But Labour accused the Prime Minister of failing to show “good faith” by insisting that she will not drop her negotiating red lines.
Labour leader Jeremy Corbyn is refusing to meet Mrs May until she takes the prospect of a no-deal Brexit off the table, and was instead going on the offensive by delivering a speech in a marginal Conservative constituency.
A Conservative “Right to Vote” campaign for a second EU referendum was launched by MP Phillip Lee, who claimed support for a so-called People’s Vote was “growing fast” among his colleagues on the Tory benches.
After seeing off a vote of no-confidence in her Government on Wednesday, Mrs May invited the other party leaders for individual talks to find a way forward on Brexit.
But she told the House of Commons she was holding to the “principles” behind the Withdrawal Agreement which was roundly rejected by MPs on Tuesday, including control of borders, laws and money and an independent trade policy.
Aides later said that the requirement for an independent trade policy was incompatible with membership of a European customs union - something which Labour regards as essential.
Shadow cabinet minister Barry Gardiner said Mrs May was clinging to her red lines because she knew that any compromise on them would “break the Conservative Party” by pushing eurosceptic backbenchers in the European Research Group (ERG) to desert her.
“If she wants to negotiate with all parties in Parliament, and if she wants to do that in good faith, she has to say ‘OK, I’m not sticking to every single one of the red lines that I’ve established’,” he told ITV’s Good Morning Britain.
“Take no-deal out of the equation and let’s get down to doing a solid deal.”
Mr Gardiner said that neither Mr Corbyn nor his frontbench team were taking part in discussions with the Government while no-deal remained on the table.
And he criticised Liberal Democrat leader Sir Vince Cable, the SNP’s Ian Blackford and Plaid Cymru’s Liz Saville Roberts, who met the PM on Wednesday evening, for “not sticking to the principles they have espoused”.
But Labour’s former prime minister Tony Blair said Mr Corbyn was wrong to snub the talks, telling BBC Radio 4’s Today: “If, in a moment of national crisis, the Prime Minister asks the Leader of the Opposition to come and talk, of course he should.”
In a live television address late on Wednesday evening, Mrs May said talks had been constructive, adding: “I am disappointed that the leader of the Labour Party has not so far chosen to take part, but our door remains open.”
And Conservative chairman Brandon Lewis said: “I am disappointed to see Labour again yesterday trying to frustrate and avoid Brexit by hanging open that they would possibly go for a second referendum.”
Mr Lewis told Today that remaining in a customs union was “something that people would feel is not delivering Brexit”.
Mrs May met Green MP Caroline Lucas on Thursday morning and was due to see groups of MPs representing different bodies of opinion during the day, including eurosceptic Tories and members of the Democratic Unionist Party. Meanwhile, Cabinet ministers were reported to be talking to their opposite numbers.
Sir Vince said it was “positive” that Mrs May had expressed a willingness to carry on talking after he told her that his party wanted the prospect of no-deal taken “off the table” and a second referendum.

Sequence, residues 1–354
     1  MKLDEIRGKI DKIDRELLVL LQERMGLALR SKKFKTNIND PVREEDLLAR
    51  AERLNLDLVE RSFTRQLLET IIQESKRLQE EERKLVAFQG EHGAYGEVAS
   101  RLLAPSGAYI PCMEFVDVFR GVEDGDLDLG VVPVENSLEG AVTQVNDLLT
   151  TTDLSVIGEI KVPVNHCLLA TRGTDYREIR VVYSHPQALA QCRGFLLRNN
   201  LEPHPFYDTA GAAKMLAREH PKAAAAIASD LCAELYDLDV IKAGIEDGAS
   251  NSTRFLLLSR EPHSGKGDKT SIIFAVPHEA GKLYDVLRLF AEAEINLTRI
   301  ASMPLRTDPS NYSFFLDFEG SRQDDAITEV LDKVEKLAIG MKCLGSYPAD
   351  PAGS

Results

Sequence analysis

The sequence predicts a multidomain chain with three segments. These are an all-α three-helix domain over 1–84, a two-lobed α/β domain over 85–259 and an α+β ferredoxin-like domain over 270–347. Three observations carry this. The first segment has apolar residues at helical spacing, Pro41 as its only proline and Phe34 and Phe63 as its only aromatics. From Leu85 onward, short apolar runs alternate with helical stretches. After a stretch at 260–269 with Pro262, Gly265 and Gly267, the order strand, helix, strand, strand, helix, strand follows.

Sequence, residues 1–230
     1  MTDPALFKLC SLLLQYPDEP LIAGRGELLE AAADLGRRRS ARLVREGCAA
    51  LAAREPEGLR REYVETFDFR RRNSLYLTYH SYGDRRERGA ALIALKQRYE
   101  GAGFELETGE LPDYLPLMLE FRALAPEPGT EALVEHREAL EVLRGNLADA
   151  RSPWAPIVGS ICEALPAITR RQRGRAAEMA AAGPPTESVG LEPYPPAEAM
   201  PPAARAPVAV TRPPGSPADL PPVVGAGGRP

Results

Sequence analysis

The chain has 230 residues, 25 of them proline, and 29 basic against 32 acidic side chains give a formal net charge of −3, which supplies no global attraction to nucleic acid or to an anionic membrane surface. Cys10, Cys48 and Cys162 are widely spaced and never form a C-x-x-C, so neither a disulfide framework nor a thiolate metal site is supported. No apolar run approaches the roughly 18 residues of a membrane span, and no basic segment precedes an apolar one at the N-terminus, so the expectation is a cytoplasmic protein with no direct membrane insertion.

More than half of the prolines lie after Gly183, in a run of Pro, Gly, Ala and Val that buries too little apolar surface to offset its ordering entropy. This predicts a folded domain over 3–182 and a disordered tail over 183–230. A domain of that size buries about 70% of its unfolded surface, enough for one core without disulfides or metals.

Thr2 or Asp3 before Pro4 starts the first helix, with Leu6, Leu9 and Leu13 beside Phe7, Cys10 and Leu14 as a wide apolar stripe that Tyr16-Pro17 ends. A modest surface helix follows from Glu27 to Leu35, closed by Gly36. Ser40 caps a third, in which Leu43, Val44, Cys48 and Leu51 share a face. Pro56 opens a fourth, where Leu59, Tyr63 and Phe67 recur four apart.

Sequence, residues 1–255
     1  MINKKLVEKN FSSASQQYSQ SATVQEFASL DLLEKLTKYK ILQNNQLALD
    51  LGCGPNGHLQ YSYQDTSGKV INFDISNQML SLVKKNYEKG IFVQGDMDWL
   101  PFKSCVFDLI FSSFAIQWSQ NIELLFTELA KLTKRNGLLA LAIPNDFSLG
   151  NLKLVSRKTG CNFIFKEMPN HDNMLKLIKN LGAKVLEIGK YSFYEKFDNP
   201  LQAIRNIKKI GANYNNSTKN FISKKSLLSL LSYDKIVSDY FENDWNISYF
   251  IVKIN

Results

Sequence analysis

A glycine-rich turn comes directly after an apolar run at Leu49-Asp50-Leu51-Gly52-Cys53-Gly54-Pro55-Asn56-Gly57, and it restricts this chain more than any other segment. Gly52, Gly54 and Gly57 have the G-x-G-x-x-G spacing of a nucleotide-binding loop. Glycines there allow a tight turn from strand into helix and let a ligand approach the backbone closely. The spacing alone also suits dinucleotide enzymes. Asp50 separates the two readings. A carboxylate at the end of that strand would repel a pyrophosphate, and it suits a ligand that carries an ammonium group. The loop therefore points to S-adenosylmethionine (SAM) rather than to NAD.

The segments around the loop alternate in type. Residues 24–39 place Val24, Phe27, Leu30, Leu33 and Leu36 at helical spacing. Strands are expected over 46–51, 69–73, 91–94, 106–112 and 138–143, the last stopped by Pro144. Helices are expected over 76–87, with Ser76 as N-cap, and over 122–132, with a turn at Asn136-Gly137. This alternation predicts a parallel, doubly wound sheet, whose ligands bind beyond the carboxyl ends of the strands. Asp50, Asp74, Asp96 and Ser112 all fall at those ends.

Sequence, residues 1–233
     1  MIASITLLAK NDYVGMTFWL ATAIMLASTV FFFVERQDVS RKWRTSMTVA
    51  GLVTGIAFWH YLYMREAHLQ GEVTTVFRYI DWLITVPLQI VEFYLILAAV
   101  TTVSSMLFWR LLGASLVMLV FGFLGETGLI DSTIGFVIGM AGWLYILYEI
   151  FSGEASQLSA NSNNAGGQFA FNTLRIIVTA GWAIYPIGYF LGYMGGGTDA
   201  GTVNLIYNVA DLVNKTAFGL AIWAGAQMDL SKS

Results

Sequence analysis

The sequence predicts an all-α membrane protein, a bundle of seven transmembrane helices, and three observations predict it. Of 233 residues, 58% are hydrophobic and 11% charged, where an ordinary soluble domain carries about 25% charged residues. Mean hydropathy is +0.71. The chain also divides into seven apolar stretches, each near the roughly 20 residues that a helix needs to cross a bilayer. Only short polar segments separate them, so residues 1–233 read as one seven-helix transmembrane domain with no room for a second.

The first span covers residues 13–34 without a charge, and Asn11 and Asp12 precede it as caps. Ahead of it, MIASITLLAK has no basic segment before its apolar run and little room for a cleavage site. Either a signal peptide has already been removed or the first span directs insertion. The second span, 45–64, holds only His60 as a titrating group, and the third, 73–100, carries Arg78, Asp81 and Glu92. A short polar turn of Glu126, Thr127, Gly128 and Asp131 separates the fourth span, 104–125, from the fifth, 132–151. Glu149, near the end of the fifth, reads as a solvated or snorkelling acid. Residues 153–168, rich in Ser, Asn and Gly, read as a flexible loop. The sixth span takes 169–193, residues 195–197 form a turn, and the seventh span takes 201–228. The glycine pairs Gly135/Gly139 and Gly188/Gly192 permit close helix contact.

“The fact that my team are willing to continue talking to her team of senior ministers this morning suggests that at least there is a willingness to explore these things,” the Lib Dem leader said.
Mrs May is expected to maintain an intensive round of meetings and phone calls before setting out her Plan B on Monday, in a Commons motion which crucially can be amended by MPs.
Amendments are expected to be tabled to seek parliamentary support for a range of options, from ruling out no-deal to extending the two-year Article 50 process or calling a second referendum.
It emerged that Chancellor Philip Hammond told business leaders on Tuesday that the 230-vote defeat for Mrs May’s plans had raised the question of whether a no-deal Brexit could now be taken off the table.
And a transcript of the call, obtained by the Daily Telegraph, recorded that the Chancellor said an amendment expected to be tabled by Tory backbenchers including Nick Boles on Monday could pave the way for Parliament to vote to “rescind” Article 50.
Though he acknowledged that the Government was “not in control” of events on Monday, Mr Hammond stressed: “It is not within their power to mandate any future course of action, that would be for a Government to do.”
Mr Boles’s EU Withdrawal (Number 2) Bill aims to put Parliament in control of the Brexit process, demanding an extension to the Article 50 process to allow negotiations to continue beyond the scheduled date of Brexit on March 29.
He last night withdrew proposals for the cross-party Commons Liaison Committee of senior backbenchers to draw up an alternative Brexit plan, after its chair Sarah Wollaston indicated that it would not accept the role.
French President Emmanuel Macron played down the prospect of changes to the offer from the EU27, saying: “We’ve reached the maximum of what we could do with the deal and we won’t, just to solve Britain’s domestic political issues, stop defending European interests.”
As the “first losers” from a no-deal Brexit would be the British people, he predicted that Mrs May would eventually ask for an extension of Article 50 for more negotiations rather than allow the UK to crash out on March 29.
Accusing Leave campaigners of misleading voters about the kind of Brexit they could obtain, Mr Macron said: “Good luck to the representatives of the nation who has to implement a thing which doesn’t exist and has to explain to the people: you have voted on a thing, we lied to you.”